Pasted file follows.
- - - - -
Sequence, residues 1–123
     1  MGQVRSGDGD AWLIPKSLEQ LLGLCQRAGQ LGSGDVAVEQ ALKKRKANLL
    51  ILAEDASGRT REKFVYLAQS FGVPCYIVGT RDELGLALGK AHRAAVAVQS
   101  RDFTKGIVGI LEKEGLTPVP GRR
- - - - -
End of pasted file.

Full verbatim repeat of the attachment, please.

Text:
Sequence, residues 1–123
     1  MGQVRSGDGD AWLIPKSLEQ LLGLCQRAGQ LGSGDVAVEQ ALKKRKANLL
    51  ILAEDASGRT REKFVYLAQS FGVPCYIVGT RDELGLALGK AHRAAVAVQS
   101  RDFTKGIVGI LEKEGLTPVP GRR